‘Stock Trade Companies Reel Under Need for Speed’—Analyst
The financial services industry is reeling under the combined problems of unprecedented volatility, dramatically increased risk, and the exponential growth in market data volume and velocity, a Tower Group researcher, Dushyant Shahrawat, told analysts attending a launch event for Sybase RAP—The Trading Edition with Time Series at the New York Stock Exchange last month.
Shahrawat said that challenges in risk management, analytics and modeling and trade execution demanded more from IT systems than they were designed to deliver. The next generation of infrastructure will need to combine processing power, be able to process time series data, and be able to perform complex analysis in real-time.
He was addressing a crowd of more than 150 customers, analysts and financial services industry professionals who gathered at the NYSE to hear how Sybase’s hot new product for real-time trading and risk analytics will perform when it is released in early Q3.
An earlier version of RAP—The Trading Edition, launched at the same venue a year ago in the middle of the Wall Street credit crisis, was snapped up by 26 major financial services industry players with a strong pipeline of customers in prospect for future purchases.
Sybase Chief Marketing Officer Dr. Raj Nathan told attendees at the launch that in terms of market penetration, RAP—The Trading Edition has been the most successful product launch in the more than a decade he’s been at Sybase.
Keith Luo, chairman and managing partner, Investment Trading Systems, Luo Executive Advisers, declared afterwards that he was very enthusiastic about the new version of RAP—The Trading Edition. "This is the right time for it," he said.
The day also provided Sybase the opportunity to pre-release “The New Data Imperative: Managing Real-time Risk in Capital Markets,” a book dealing with the issues of managing risk by the millisecond that Shahrawat had highlighted in his earlier presentation. The authors are Nathan, Irfan Khan, Sybase vice president and chief technology officer, and Sinan Baskan, director of business development for financial markets at Sybase. Their book offers strategies to potentially prevent the world’s financial markets from ever getting blindsided again.
The launch of RAP—The Trading Edition with Time Series and the book presentation culminated Sybase’s day at the NYSE. It had begun with 100 industry and financial analysts crowded in the Board Room and ended publicly with John Chen, Sybase chairman, CEO and president, and his company’s latest partner, Seung An Park, executive vice president of Samsung SDS, ringing the closing bell for the Big Board.
The Unwired Enterprise vision enables business-critical information to be securely moved back and forth from the data center to the end device, and delivered to the right person anytime, anywhere.
Nathan said that capital investment historically had focused on automating major labor segments. Until now, the focus was on the task worker, he said. As a labor segment, the task worker is diminishing and being replaced with the new growing segment of information workers.
Continuing to invest in technology that targets the task worker will be of limited benefit, Nathan said. IT should free up investment from maintaining the task worker and refocus on innovating for the information worker and the consumer segments that are driving the impetus to the Unwired Enterprise seen as the growth area for Sybase’s future success.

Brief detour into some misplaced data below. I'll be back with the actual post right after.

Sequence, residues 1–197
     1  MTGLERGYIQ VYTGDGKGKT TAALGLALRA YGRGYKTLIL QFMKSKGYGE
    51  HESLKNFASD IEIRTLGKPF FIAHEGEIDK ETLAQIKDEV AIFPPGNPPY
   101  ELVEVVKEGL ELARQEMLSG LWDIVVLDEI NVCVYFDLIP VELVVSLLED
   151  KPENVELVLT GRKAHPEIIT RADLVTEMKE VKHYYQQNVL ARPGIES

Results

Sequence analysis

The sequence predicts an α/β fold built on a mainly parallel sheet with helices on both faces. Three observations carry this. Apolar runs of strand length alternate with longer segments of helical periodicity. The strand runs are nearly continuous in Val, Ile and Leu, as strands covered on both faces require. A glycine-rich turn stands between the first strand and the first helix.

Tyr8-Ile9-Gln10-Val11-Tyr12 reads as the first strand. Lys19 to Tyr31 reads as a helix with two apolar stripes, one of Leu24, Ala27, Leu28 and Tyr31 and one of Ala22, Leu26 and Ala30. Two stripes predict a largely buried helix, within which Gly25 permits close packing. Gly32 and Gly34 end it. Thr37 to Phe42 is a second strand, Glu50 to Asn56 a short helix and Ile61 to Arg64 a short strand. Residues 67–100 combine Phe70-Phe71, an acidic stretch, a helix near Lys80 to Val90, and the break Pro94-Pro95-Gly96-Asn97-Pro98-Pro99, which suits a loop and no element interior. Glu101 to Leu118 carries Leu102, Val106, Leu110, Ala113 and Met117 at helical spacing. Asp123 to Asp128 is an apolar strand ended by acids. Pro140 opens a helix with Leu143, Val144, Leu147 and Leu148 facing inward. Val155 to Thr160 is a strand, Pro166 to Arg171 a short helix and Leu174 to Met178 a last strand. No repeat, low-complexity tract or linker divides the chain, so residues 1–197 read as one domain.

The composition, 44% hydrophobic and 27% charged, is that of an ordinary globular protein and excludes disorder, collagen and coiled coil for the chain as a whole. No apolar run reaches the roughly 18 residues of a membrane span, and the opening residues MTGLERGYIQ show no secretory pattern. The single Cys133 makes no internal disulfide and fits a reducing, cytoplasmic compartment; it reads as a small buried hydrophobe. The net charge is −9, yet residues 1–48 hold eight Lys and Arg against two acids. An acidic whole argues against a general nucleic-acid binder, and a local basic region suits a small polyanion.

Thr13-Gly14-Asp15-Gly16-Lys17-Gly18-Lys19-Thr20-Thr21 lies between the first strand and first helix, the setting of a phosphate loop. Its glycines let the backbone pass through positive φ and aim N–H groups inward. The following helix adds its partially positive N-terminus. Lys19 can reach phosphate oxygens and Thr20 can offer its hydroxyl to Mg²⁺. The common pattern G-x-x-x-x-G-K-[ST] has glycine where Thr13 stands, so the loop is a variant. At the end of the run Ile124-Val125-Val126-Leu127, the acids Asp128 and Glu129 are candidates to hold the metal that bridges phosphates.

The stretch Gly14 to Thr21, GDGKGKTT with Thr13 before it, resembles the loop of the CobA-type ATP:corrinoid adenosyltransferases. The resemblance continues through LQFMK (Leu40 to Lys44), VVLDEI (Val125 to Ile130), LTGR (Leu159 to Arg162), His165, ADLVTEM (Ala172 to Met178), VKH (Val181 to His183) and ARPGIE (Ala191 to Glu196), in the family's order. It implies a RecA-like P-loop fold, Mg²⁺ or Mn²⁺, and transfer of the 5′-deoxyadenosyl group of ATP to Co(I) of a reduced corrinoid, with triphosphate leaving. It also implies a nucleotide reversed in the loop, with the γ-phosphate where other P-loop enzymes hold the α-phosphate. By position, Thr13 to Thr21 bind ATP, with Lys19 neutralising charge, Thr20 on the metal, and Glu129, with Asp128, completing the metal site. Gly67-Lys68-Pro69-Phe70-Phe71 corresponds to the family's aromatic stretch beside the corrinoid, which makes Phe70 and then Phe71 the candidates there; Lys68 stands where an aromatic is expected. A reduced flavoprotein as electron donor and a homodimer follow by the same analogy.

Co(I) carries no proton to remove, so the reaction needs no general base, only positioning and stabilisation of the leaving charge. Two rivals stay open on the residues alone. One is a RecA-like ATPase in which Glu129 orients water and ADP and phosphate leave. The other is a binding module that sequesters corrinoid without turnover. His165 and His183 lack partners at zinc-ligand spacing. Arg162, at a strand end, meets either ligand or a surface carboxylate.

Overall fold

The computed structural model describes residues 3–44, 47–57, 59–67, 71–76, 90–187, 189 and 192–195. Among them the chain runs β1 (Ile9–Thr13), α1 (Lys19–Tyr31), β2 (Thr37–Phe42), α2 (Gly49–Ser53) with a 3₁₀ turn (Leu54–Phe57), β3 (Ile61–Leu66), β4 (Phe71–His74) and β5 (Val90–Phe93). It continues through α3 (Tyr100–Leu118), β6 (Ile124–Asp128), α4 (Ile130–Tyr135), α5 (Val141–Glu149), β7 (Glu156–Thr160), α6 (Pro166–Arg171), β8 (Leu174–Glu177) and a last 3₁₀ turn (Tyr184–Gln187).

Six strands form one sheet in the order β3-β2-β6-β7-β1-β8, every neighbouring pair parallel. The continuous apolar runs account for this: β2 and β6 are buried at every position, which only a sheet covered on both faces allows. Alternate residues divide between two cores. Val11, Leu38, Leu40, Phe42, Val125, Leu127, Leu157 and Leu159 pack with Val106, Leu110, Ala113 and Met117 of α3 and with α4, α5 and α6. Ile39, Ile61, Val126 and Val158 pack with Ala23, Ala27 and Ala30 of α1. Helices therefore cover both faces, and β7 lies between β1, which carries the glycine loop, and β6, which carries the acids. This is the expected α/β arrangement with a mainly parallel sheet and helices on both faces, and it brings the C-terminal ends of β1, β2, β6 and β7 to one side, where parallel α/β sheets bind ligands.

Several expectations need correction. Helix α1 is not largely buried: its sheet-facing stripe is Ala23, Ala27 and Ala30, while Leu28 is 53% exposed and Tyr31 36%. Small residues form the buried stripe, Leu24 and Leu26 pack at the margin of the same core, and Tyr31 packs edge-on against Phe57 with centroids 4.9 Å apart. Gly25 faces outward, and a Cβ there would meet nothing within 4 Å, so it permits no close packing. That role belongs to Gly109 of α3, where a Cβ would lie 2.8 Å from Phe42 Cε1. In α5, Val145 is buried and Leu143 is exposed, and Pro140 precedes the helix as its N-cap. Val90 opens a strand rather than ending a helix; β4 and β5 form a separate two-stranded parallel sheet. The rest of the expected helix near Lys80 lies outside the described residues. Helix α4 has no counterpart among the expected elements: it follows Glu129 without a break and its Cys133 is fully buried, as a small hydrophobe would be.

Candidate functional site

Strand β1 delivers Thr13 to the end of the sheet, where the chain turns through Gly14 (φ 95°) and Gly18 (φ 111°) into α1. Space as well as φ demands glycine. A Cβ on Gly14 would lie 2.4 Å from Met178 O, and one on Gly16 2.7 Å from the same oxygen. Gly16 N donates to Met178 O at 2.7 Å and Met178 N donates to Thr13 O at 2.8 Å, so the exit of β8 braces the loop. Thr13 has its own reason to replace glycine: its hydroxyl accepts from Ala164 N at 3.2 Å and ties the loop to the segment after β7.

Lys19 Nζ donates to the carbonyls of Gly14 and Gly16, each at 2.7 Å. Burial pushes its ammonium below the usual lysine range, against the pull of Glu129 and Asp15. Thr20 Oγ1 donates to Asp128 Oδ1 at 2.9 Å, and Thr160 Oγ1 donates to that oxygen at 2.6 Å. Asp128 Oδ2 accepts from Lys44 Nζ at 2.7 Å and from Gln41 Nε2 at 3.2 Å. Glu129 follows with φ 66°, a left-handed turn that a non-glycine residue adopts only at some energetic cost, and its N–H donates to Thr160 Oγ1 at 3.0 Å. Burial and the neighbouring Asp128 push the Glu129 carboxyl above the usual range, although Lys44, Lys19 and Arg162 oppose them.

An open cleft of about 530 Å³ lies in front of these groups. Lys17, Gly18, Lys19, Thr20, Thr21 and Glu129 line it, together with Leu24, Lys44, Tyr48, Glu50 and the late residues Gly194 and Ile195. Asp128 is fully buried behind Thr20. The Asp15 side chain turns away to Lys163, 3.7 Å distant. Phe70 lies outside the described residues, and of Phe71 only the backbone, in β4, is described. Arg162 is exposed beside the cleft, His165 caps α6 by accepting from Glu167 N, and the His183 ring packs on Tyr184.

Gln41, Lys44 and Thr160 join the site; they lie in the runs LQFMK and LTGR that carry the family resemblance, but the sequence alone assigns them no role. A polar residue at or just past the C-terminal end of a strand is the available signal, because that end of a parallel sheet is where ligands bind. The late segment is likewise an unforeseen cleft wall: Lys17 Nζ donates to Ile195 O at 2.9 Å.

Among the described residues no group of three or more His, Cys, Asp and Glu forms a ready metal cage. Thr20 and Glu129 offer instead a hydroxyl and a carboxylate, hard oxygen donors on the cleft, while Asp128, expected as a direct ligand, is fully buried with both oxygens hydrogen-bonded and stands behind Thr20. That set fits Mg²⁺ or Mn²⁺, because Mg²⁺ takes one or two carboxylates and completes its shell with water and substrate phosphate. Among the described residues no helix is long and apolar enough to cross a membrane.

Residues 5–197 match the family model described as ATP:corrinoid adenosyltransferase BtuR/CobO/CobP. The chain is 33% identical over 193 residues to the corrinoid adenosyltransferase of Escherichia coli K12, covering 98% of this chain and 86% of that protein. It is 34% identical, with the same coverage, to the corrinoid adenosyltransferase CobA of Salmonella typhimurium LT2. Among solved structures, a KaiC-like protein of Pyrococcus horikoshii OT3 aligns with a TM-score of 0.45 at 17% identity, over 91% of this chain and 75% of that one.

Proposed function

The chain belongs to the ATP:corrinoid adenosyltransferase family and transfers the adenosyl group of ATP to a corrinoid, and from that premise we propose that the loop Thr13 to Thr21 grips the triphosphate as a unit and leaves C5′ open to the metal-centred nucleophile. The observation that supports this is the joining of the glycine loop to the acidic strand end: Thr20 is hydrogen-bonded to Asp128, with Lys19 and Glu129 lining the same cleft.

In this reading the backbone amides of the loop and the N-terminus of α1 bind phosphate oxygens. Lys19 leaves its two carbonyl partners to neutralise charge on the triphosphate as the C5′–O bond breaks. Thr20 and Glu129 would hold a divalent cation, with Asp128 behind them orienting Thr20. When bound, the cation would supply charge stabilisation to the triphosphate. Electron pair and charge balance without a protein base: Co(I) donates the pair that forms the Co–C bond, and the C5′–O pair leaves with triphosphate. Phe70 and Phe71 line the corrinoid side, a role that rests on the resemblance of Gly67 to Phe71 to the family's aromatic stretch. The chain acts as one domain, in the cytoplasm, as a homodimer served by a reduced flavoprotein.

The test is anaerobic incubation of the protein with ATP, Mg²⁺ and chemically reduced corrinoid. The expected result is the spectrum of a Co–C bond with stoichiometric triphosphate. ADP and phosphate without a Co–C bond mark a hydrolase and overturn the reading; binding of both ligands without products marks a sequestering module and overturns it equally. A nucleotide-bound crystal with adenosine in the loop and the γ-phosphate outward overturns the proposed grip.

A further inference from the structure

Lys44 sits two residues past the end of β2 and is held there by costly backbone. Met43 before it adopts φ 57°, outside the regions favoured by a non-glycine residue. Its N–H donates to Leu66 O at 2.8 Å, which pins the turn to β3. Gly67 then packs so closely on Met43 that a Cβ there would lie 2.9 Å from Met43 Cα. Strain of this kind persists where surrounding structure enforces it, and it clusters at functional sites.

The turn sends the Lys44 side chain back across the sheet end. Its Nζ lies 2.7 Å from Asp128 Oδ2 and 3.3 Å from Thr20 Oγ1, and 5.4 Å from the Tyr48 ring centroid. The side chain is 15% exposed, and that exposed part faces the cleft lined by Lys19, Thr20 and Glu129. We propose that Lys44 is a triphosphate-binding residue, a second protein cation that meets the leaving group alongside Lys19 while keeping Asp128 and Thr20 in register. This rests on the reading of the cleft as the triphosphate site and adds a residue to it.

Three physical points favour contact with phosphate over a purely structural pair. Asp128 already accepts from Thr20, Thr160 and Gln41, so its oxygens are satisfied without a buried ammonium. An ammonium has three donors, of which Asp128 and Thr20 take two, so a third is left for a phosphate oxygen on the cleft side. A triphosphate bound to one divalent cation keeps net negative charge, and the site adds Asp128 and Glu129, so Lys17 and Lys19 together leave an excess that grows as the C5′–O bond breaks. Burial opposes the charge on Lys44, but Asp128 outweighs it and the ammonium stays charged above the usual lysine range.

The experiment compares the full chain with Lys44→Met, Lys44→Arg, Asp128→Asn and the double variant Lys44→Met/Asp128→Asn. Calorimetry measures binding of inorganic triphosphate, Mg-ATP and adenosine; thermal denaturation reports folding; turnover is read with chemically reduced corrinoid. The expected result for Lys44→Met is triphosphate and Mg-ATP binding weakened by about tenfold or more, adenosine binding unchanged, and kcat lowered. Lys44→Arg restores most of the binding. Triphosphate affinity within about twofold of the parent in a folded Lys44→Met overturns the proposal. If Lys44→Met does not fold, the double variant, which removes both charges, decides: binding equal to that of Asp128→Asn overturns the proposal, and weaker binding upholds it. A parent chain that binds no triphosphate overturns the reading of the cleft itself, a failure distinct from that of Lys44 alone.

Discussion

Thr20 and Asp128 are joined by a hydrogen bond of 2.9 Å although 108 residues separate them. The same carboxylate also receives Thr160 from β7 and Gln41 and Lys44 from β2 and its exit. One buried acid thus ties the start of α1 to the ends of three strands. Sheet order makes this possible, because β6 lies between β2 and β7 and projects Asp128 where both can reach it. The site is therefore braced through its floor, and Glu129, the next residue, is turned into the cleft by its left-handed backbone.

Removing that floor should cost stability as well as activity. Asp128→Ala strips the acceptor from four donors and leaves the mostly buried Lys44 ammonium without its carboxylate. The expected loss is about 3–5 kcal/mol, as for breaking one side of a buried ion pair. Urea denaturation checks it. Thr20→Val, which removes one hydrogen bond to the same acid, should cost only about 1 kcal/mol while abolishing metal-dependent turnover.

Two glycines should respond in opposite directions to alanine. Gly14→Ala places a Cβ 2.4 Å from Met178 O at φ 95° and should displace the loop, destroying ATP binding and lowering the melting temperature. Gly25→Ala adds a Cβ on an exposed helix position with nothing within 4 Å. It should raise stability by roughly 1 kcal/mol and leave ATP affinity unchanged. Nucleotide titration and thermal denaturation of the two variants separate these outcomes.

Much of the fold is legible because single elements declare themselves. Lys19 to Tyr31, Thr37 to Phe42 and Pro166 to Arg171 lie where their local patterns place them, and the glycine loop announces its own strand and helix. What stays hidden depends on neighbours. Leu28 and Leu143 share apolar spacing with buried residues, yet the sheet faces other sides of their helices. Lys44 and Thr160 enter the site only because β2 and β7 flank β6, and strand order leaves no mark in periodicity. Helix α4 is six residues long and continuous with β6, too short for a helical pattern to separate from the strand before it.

Steve Capelli, president of Sybase worldwide field operations, highlighted the fact that Sybase’s continuing innovation in data management and analytics with its leading column-based Sybase IQ analytics server that helped Sybase grow 30 percent in data management notably outpaced the competition through 2008.
Terry Stepien, president of Sybase iAnywhere, identified new innovation in the company’s mobile enterprise platform, including lightweight applications such as iAnywhere Mobile Office which offers device support for the iPhone and advanced hosting functionalities for carriers.
Marty Beard, president of Sybase 365, drew attention to the fact that Sybase has developed an early lead in mCommerce with 36 mobile banking wins, entering the mobile payments market with the acquisition of paybox and addressing the full mCommerce market across operators and financial institutions.
Later, Chen, interviewed by Maria Bartiromo on CNBC, briefly outlined the Sybase Samsung SDS partnership to bring consumer-style social networking features to business software and devices. Chen said Samsung and the recent partnership with SAP give Sybase greater reach and fit into its broader strategy to provide a mobile messaging platform that will bring next generation applications to the enterprise.
Analysts noted a "subtle shift", as one described it, in Sybase's marketing message, in which real time decision-making—or analytics—becomes the objective for unwiring the enterprise.
Some commented positively on Capelli’s presentation on the direction of Sybase’s analytics products, which include:
Others remarked that Sybase's messaging and mobility businesses represent the company's future when the tornado arrives in handheld device usage. Clearly, they say, the proliferation of SMS and MMS messaging is important to Sybase now, but the real payday will come when handheld devices become extensions of enterprise computing.
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